“It’s likely that the nature of the business makes it more difficult for participants and outsiders to identify rape and call it out. Snow concludes that Deen’s years of acting out scenes of rape and rough sex have blurred the lines between his scripted professional life and his real-world interactions with women: ‘James Deen gets paid to have rough sex. And by his own admission he’s good at it, maybe even enjoys it. … [In porn,] on-set behaviors and attitudes that would be shocking to most and sometimes even criminal are normalized, and after years of performing, it can be hard to separate the work from reality. … When your job regularly consists of roughing a woman up, ignoring her pleas, and choking her out, do you start to bring some of that behavior home with you?’”

Well, yes. Finally people are asking the right questions. We do not have one brain for fantasy and one brain for reality, and so when we engage in this kind of behavior or consume it, the two will—surely this is precisely the right word—bleed into each other. It’s bizarre that the porn industry can release a deluge of material showing women being treated in a way that no woman should ever be treated, violated in ways that no one should ever experience, called names that no mouth should ever utter—and their excuse is that this “is just fantasy.” Isn’t that problematic all by itself? Why are we fantasizing about abusing and destroying the feminine? And why aren’t more people upset about this?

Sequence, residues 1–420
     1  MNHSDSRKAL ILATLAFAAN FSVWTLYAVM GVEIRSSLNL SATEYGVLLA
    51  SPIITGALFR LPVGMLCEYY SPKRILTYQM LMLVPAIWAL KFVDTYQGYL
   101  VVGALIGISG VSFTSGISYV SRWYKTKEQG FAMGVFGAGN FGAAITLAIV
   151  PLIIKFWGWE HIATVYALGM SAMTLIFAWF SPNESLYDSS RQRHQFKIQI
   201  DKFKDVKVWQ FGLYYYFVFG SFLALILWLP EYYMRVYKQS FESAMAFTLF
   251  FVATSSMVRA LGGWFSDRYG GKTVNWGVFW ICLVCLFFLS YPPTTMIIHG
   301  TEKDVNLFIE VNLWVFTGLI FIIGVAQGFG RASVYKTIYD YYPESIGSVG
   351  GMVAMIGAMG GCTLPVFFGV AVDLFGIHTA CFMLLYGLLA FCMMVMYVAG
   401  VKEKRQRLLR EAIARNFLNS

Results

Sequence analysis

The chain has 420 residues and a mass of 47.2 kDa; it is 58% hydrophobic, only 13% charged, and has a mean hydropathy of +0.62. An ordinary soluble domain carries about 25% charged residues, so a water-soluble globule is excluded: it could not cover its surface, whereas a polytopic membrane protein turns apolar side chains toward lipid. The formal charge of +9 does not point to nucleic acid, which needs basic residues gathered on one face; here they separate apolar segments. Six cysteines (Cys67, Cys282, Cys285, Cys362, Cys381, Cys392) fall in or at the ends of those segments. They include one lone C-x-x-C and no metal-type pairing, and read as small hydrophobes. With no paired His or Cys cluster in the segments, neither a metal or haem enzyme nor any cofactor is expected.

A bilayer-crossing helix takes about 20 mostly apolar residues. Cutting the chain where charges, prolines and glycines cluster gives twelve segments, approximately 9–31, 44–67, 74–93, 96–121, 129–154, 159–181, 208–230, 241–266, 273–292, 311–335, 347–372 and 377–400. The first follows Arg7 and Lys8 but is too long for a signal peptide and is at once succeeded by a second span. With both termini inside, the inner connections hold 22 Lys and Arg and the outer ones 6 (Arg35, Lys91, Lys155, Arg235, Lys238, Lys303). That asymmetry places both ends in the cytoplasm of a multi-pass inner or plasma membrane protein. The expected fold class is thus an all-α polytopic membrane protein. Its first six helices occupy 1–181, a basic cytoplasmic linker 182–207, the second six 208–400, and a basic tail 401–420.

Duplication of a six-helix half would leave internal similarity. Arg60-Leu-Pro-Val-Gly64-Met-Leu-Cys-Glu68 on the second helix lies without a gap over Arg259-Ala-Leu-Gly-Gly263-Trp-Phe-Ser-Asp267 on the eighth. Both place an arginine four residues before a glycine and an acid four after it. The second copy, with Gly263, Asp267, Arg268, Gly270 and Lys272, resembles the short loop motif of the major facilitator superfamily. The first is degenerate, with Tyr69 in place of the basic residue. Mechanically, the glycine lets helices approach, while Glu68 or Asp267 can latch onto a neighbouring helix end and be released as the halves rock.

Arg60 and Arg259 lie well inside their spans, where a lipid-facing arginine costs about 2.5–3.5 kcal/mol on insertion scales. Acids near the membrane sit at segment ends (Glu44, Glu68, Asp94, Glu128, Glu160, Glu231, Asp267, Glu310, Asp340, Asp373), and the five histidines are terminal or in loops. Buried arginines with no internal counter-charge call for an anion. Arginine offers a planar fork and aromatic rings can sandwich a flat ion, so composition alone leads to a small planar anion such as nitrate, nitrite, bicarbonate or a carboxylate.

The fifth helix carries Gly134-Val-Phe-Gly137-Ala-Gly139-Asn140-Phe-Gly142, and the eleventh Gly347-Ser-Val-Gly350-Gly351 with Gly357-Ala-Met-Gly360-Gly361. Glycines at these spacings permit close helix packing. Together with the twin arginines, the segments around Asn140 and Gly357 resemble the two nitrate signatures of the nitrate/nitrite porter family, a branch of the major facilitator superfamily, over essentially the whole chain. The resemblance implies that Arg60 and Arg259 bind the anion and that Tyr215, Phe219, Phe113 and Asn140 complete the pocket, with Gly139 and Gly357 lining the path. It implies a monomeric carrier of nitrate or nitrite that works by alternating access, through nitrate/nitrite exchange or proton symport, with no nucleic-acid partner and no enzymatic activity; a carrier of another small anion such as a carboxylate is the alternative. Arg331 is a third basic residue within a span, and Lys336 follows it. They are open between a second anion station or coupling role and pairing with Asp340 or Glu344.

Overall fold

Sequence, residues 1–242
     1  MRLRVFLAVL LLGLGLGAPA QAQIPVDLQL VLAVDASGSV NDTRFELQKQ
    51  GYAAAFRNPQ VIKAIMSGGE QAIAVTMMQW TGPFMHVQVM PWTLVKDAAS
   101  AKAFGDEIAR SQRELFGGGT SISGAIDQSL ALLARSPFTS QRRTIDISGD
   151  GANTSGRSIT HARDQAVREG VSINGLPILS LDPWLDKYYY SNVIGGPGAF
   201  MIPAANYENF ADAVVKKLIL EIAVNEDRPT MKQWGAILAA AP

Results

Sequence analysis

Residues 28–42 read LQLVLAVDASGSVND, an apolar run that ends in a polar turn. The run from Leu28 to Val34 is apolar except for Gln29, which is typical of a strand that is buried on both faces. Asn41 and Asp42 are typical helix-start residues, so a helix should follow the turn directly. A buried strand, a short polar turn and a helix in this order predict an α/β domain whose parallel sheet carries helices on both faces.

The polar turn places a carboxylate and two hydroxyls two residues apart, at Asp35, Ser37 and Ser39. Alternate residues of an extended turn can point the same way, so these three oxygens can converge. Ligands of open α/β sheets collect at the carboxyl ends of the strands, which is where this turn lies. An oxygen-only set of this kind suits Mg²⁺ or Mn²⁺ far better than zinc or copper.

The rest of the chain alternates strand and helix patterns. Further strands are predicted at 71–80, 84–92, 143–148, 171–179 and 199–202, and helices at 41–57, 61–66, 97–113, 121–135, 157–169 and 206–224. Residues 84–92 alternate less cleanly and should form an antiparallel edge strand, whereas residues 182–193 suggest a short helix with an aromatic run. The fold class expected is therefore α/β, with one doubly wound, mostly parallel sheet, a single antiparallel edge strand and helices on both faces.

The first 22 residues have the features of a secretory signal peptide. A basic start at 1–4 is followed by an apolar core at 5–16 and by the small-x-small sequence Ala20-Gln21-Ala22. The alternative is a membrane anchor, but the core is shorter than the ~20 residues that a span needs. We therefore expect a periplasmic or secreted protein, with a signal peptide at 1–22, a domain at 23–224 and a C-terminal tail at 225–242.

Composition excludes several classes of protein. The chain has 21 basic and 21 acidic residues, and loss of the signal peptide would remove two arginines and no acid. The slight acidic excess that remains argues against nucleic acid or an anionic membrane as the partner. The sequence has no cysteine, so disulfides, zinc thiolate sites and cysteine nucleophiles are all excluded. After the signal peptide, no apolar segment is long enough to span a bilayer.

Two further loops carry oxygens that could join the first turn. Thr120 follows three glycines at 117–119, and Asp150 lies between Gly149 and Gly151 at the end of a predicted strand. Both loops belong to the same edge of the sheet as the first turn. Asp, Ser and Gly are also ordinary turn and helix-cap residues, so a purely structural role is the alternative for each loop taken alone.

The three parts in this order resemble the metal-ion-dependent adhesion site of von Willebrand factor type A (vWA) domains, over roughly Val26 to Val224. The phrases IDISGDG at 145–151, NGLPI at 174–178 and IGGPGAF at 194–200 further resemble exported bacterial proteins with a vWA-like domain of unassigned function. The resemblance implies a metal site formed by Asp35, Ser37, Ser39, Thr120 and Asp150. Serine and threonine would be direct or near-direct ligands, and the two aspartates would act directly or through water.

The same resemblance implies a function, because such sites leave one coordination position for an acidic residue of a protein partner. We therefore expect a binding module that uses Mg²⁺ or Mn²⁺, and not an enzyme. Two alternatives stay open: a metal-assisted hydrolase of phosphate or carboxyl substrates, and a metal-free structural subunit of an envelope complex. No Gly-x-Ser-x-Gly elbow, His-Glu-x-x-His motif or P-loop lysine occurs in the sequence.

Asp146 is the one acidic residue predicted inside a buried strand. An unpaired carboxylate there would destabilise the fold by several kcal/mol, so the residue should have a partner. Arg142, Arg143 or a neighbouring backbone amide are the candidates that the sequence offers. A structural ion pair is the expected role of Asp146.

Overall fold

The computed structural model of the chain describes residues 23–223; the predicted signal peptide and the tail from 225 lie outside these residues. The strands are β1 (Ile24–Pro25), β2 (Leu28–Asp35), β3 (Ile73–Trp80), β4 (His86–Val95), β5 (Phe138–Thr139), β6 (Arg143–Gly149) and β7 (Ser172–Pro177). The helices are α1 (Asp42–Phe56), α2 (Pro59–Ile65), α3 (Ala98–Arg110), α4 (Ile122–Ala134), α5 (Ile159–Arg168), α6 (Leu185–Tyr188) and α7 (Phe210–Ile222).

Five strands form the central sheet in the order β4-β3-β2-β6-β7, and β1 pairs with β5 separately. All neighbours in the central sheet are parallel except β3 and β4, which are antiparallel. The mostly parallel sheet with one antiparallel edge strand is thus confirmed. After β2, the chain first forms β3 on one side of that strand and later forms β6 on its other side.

Does the idea of a guy coming home after a long day at work and kicking back with a cold beer and a video of a teenage girl getting violated by three men at the same time not disturb you at all? Is there nothing about that scenario that doesn’t make you recoil, even just a little?

It’s ridiculous, hearing the porn industry and its pervert apologists loudly claiming that their products do not impact that way men see women. We have a mountain of evidence to prove that this is not the case. Not to mention the fact that the entire marketing industry is based on the premise that imagery changes the way people behave—and pour billions into imagery that will do just that. Yet, somehow we let the porn industry get away with the claim that their imagery, which appeals to one of the most powerful instincts in the human person—sexuality—will have no impact at all and get nods of agreement from the culture.

Hopefully, James Deen will be prosecuted. Hopefully, he’ll go to jail. But that won’t be the end of the problem of sexual assault in the porn industry. The glamorization and commercialization of misogyny and sexual assault is built right into the industry—it’s what they do. Porn actresses have been contracting STDs, flaming out spectacularly, developing drug and alcohol addictions, complaining about sexual assault, and committing suicide in horrifying numbers for years, and no one has been listening. No one has been listening because no one wants to stop watching porn. And that’s why James Deen will not simply be an outed rapist—he will be a trend.